SharePoint has taken the world by storm. It has re-defined most enterprise collaboration discussions, and has forced major changes in how document management and records management vendors talk about their offerings. You could say that the vendor community either has a strategy to integrate with SharePoint, or fight against it. And for enterprises, it has been elevated to a place of centrality in decision making about information management, intranets and collaboration.
Why is this? For one, it’s from Microsoft, and so the stability of the vendor is guaranteed. They aren’t going anywhere, so a SharePoint play is a long-term bet. For two, Microsoft Office rules the desktop in organizations across the world, and being that products are from Microsoft, there is tight integration between Office on the desktop and SharePoint in the back room. And three, SharePoint is a broad-based platform to support many different information worker-related processes. If you buy into the full MOSS edition, you have capabilities available to support collaboration, search, portals, content management, business processes and forms, and business intelligence, not to mention the application development capabilities of SharePoint so that organizations can build custom-tailored solutions to their own requirements. And to top it all off, there is a growing base of knowledgeable business partners available to support organizations in realizing the capabilities that SharePoint offers.
While this sounds nice, the market figures are there to back up what Microsoft is doing with SharePoint. In March 2008 (almost a year ago), Microsoft said that it had sold 100 million licenses to use SharePoint, and that its annual revenue from license sales was over US$1 billion. We’ll just point out, however, that 100 million “sold licenses” doesn’t equate to “100 million active users”, but whatever the real figure of active users is, it’s a big number.
The Challenges With Platform Technologies
Platform technologies that offer a broad-brushed set of capabilities—such as SharePoint—across a range of information management disciplines can be summed up in one phrase: “they offer tremendous flexibility”. Unfortunately, that is both a huge opportunity and a huge drawback. It’s a huge opportunity because it means that any and every firm can make SharePoint whatever they want it to be. And it’s a huge drawback because if they do it wrong, a huge set of unintended consequences can occur, and pretty soon you find that it’s not a tiger you have by the tail, but a fire-breathing dragon.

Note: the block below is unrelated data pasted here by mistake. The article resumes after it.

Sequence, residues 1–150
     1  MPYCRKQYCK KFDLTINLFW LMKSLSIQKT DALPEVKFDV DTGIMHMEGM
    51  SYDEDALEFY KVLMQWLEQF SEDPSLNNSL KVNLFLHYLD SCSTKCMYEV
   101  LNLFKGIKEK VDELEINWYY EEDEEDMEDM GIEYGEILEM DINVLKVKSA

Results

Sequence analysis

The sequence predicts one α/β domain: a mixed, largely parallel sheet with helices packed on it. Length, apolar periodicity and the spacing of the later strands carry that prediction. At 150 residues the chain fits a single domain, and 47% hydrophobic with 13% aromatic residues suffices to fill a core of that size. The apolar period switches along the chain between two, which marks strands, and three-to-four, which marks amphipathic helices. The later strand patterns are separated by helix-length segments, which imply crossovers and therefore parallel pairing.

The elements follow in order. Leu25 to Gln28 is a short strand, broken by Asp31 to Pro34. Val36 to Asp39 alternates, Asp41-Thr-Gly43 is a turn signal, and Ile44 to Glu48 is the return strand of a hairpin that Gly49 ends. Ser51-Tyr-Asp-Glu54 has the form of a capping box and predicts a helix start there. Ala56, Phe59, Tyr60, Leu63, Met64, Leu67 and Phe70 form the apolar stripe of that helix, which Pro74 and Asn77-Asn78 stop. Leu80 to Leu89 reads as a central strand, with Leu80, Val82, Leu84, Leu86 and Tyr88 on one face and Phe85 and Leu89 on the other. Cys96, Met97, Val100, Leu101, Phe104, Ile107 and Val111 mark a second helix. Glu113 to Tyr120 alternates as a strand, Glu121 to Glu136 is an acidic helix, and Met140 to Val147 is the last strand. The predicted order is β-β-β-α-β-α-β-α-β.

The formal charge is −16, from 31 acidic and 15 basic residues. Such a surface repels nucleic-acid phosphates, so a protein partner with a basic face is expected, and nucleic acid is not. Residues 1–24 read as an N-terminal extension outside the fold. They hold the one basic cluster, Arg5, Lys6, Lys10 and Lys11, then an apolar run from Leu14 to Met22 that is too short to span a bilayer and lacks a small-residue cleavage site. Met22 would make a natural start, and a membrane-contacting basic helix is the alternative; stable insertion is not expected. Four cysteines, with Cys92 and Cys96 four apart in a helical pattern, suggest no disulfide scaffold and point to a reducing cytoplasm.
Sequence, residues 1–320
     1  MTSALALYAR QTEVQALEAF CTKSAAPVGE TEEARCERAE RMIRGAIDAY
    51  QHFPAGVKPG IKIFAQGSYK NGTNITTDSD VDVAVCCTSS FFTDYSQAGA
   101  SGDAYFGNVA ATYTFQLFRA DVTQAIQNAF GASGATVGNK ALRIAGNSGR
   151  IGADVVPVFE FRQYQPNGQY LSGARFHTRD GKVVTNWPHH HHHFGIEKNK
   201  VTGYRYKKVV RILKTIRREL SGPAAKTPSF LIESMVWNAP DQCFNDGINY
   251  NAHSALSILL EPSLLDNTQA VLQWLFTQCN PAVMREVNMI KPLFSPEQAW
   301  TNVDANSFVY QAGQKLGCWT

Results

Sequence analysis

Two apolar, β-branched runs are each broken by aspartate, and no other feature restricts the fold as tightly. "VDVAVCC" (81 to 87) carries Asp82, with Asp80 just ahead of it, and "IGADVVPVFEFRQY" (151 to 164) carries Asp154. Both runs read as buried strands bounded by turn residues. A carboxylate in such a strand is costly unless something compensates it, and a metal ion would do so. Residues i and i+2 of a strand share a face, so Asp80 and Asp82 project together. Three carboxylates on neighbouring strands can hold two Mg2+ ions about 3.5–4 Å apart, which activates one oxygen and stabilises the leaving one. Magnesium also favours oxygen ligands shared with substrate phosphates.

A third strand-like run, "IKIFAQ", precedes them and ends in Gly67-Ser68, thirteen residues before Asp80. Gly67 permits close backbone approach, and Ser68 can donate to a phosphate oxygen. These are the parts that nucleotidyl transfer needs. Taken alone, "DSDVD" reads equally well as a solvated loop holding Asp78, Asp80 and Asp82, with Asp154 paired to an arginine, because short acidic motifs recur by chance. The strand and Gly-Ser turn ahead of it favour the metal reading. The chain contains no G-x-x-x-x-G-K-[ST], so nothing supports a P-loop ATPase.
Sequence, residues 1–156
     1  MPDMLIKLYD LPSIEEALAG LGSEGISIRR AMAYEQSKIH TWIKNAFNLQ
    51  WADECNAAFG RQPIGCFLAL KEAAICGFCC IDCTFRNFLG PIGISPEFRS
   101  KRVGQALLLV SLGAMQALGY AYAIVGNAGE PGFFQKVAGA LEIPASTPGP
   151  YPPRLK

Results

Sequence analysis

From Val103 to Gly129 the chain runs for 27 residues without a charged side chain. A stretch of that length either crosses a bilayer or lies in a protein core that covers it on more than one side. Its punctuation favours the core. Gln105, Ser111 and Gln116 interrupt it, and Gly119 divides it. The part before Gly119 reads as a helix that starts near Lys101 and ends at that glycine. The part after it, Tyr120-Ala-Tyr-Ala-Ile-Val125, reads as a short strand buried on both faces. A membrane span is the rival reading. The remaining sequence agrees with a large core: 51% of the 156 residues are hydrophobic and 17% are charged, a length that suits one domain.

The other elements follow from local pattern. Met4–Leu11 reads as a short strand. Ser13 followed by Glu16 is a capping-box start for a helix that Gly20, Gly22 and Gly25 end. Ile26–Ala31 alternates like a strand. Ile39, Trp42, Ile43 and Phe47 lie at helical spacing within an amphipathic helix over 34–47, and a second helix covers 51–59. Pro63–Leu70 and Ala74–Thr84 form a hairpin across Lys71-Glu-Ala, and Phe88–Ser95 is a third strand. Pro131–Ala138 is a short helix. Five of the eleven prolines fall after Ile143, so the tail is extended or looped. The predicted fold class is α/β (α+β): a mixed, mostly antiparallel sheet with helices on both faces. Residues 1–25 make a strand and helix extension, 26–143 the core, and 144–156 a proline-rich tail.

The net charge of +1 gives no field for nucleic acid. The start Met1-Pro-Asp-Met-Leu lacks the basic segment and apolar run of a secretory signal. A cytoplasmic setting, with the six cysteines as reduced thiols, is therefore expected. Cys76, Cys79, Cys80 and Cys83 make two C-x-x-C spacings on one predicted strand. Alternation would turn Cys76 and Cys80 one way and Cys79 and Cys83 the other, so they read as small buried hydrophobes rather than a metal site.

- Chaotic viral adoption, where people are recklessly creating short-term SharePoint sites to deal with a perceived business challenge, but then the site is abandoned and the corporate information they contain is hidden from authorized systems.
- Too much experimentation, where business users start configuring a whole set of different sites to do similar things but in the aggregate, in very different ways. One firm claimed to have 325 projects on the go using SharePoint, and each project site was based on a different design. So someone involved in 4 different projects—not an uncommon number today—had to remember 4 different ways of tracking tasks, for example.
- Unauthorized adoption by business teams, outside of the purview of the IT department. One US firm had its corporate deployment of SharePoint all ready to go, but before they pushed “go”, did an audit and found 15,000 undocumented sites that they didn’t know about. Business managers were buying SharePoint on their credit cards and installing Windows Server 2003 boxes under their desks, and IT had no knowledge that business information was being stored and shared through commodity systems with no backup and security procedures in place.
- Top managers hearing that SharePoint is the “way of the future” and telling IT to “have at it”, but with no clear picture beyond the words of what that actually means and the requisite changes involved in getting a business return from an investment in SharePoint.
We could go on. If any of these are happening at your place of work, you know the pain associated with this.
In my next post I’ll start to look at some of the things you can do to maximize the opportunities (and deal with the challenges) posed by the deployment of SharePoint in your organization.